I think the first thing people have to do when they’re talking about this is eliminate the word ‘blame’ from their vocabulary and replace it with the word ‘consequences’. I think that’s the first thing, and I think there are consequences all around. So let’s talk about first the consequences for Felix in this and what happens. One of the major consequences in this, that I think most people don’t understand, and I’ll have to make a video that’s not specific about PewDiePie and Felix for this video that I’m going to do called, ‘What is Google Preferred?’ because that’s a situation that most people don’t understand the gravity of.

What can you tell YouTubers and social media strategists about Google Preferred – just one example of revenue affected by this incident with PewDiePie?

To get to that top 1% you also have to buy ads against the top 5%, which is why you can’t exclusively buy out PewDiePie’s channel, because of how much you’d have to spend on channels that aren’t that, to get at that, if you take my meaning. It also, however, is not only for the biggest content creators, but also encourages and gives advance media buys for content and creators on the rise, or, content that you want to niche down on. Meaning that maybe you don’t want specifically to get the biggest tech YouTuber because that’s really expensive, but you want the YouTubers who have done the most views talking about laptops, and have ‘X’ amount of potential subscribers, well this premium ad tier could mean that if you’re buying in as an advertiser you could get more distribution opportunities against those channels. So in the auction, because again, most people don’t know in how the Google Ad network in general works. You go to a website and sometimes there’s banner ad ‘A’, and sometimes there’s banner ad ‘B’ or ‘C’. That’s called inventory, that’s called placement, and it’s also level of distribution, and that’s competitive. It’s based on an auction just like E-Bay, alright. So that’s a little complicated and again, I’ll have to make a whole video explaining all this, but what it means is that, if you are a YouTuber that is in Google Preferred, more ads show up on your videos, which means more money. More ads from the highest paying advertisers show up on your YouTube channel. It also means that unlike most YouTubers who maybe get 30% of their views have ads on them, maybe you get closer to 40, 50, 60%, or 80% of your views having ads on them all the time, from the people who pay the most money for ads. Which means this could be not just double revenue, it could be exponentially more revenue for you if you’re in this premium advertising tier. Being in this premium advertiser tier means that you’re either getting massive views or your channel is considered to be very advertiser friendly. Advertiser friendly could mean family friendly, but it could also mean that you get the views and have the right traction, or your content is considered safe enough, but obviously a certain amount of views and engagement can overrule all that, and it can just be that. So again, getting in and what qualifies you is vague. What we know is that Felix is no longer on that list. So, when you take what I just said into context, that’s a lot of consequences. That’s a lot of money that could be walking away. Now, again, for scale, he makes so much money that it’s not as if he’s going to go homeless or anything, it’s not as if he’s not going to be able to pay his bills, but it is very significant. It also means that he’s not going to be in the exclusive catalog that they directly market to brands, anymore, even though he’s the biggest one. This also affects YouTube and Google as a parent company though because by not having the biggest YouTuber in this program it immediately impacts their revenue because YouTube splits its revenue with its creators, which means those parties lost on that. That’s just the Google Preferred. That’s just one consequence. One punch. That’s just one.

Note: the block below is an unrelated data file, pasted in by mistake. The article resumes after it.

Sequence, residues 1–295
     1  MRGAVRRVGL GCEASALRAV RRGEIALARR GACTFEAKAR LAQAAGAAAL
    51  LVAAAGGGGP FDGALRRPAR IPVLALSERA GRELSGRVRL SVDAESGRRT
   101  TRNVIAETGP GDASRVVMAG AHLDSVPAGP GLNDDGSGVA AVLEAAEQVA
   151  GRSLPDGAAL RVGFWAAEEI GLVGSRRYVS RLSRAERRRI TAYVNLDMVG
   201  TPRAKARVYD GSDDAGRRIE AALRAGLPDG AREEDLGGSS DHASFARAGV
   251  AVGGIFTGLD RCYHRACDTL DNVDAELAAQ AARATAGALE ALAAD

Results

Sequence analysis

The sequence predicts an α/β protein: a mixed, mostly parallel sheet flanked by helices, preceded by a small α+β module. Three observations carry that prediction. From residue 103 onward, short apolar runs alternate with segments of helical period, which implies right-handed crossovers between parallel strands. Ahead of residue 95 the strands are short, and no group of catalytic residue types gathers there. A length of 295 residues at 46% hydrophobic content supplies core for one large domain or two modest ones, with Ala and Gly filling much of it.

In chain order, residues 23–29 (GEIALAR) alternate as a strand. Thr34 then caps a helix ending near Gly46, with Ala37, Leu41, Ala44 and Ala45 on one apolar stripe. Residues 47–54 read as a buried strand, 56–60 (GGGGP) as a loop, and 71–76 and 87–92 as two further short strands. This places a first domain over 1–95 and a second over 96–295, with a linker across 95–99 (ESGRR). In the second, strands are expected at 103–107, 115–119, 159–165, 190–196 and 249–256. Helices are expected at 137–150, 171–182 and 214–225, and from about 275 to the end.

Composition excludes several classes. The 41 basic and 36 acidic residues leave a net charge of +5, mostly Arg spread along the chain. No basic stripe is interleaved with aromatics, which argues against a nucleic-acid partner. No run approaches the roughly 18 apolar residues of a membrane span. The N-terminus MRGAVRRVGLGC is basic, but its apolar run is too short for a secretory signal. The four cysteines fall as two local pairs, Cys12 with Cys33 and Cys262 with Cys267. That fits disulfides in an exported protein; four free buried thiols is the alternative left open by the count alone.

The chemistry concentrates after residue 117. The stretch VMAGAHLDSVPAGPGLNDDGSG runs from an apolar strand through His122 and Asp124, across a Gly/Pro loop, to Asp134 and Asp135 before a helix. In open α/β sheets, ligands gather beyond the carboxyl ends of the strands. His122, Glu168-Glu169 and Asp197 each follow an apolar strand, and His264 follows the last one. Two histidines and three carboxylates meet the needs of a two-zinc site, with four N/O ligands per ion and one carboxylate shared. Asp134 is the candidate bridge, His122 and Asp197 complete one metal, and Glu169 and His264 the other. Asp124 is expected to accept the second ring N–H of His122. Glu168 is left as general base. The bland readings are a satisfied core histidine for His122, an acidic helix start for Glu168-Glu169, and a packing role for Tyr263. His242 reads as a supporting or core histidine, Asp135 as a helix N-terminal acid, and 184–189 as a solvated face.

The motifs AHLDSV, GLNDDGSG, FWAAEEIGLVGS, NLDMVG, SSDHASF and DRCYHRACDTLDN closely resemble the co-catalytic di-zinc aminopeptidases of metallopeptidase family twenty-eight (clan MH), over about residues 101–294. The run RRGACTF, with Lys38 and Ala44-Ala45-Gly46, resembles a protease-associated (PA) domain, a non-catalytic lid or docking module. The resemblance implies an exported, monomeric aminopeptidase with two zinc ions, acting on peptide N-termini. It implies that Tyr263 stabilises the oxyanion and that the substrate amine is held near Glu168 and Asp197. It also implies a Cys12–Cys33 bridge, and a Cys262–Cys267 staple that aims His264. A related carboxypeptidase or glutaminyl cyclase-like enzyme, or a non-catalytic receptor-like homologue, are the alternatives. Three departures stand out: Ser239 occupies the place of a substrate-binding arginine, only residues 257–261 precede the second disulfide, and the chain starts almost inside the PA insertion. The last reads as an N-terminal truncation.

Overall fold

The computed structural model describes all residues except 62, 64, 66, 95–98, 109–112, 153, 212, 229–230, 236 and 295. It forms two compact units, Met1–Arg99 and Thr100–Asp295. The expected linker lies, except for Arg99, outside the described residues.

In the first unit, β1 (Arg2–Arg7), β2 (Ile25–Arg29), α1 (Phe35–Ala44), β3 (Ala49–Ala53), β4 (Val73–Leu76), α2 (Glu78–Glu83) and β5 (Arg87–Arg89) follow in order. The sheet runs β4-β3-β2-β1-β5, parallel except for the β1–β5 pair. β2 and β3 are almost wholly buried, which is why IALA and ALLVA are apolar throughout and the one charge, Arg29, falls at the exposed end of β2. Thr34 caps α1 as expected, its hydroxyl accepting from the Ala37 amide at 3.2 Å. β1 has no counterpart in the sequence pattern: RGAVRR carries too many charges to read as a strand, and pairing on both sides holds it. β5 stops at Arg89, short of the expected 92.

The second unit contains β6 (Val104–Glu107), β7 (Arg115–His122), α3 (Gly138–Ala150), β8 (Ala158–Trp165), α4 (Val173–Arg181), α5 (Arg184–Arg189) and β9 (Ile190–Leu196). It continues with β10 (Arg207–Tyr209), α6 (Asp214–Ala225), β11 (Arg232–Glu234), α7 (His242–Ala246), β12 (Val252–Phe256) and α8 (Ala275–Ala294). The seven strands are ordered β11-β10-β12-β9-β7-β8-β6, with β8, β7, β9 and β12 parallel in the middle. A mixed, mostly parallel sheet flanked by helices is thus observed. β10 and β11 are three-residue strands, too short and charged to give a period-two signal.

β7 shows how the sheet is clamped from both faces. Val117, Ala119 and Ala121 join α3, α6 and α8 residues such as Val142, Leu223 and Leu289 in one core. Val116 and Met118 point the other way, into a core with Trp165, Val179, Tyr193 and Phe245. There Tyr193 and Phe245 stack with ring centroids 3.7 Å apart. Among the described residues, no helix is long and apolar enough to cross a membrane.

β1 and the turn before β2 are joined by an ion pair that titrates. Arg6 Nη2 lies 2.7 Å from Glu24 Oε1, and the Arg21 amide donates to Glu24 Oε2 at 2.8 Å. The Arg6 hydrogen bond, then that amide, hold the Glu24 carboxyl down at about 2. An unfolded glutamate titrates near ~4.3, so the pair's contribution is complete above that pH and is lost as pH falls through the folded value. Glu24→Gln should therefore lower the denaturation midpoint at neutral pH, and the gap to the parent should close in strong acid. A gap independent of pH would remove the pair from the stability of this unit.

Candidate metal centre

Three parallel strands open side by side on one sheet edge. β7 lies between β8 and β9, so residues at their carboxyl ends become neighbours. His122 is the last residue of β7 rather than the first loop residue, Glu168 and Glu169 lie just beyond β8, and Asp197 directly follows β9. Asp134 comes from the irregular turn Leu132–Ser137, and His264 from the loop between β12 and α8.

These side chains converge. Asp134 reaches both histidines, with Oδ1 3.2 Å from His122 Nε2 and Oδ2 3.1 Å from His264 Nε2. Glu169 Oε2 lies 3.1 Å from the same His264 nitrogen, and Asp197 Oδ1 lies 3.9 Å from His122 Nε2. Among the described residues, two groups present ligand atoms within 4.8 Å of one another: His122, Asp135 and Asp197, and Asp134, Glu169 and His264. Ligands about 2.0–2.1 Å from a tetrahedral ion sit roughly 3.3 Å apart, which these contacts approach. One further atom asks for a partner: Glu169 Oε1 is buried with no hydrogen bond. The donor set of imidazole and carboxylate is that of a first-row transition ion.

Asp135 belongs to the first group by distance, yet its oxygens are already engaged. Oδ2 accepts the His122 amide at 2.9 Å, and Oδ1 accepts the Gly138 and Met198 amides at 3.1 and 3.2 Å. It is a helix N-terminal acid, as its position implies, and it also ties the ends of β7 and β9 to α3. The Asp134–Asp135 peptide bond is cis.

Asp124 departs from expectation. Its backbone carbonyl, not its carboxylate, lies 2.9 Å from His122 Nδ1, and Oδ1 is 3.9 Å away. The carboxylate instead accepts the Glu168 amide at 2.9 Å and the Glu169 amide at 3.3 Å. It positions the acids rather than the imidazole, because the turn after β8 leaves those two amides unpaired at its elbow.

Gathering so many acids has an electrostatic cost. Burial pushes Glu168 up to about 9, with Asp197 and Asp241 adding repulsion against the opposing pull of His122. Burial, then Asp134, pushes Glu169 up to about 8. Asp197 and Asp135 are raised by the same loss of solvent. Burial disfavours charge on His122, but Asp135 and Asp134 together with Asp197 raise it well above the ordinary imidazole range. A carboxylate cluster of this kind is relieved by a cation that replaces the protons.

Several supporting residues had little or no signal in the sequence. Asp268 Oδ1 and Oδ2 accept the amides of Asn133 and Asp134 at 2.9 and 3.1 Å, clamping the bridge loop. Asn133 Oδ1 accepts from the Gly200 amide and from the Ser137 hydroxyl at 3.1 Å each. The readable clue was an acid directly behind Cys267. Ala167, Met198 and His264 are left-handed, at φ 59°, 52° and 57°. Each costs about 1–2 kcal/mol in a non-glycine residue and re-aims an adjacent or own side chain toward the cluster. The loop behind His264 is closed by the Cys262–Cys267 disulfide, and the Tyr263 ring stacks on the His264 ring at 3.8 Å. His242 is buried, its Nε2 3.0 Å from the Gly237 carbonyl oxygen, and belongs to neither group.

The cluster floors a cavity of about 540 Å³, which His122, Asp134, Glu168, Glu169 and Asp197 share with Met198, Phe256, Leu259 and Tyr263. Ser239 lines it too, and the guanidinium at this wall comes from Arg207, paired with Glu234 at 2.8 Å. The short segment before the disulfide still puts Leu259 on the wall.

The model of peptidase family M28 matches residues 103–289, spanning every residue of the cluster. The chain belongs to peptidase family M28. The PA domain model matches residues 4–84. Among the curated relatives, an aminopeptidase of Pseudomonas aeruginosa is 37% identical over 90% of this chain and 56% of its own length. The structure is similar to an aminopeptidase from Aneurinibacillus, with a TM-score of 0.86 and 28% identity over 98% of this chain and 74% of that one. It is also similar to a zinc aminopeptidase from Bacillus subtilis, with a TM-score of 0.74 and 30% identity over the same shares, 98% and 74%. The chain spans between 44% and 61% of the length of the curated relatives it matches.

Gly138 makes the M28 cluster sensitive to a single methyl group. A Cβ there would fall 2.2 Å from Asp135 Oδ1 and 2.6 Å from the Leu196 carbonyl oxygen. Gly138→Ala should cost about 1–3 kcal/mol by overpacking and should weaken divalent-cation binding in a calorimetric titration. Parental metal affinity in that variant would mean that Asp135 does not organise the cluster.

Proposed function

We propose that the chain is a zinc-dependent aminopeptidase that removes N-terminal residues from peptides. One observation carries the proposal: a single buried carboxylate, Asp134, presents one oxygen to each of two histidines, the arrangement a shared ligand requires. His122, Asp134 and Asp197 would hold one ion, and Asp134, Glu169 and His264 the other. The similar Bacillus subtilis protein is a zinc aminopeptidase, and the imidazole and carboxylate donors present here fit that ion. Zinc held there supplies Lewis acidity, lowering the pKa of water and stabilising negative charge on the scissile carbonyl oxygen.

How will this affect YouTube Red?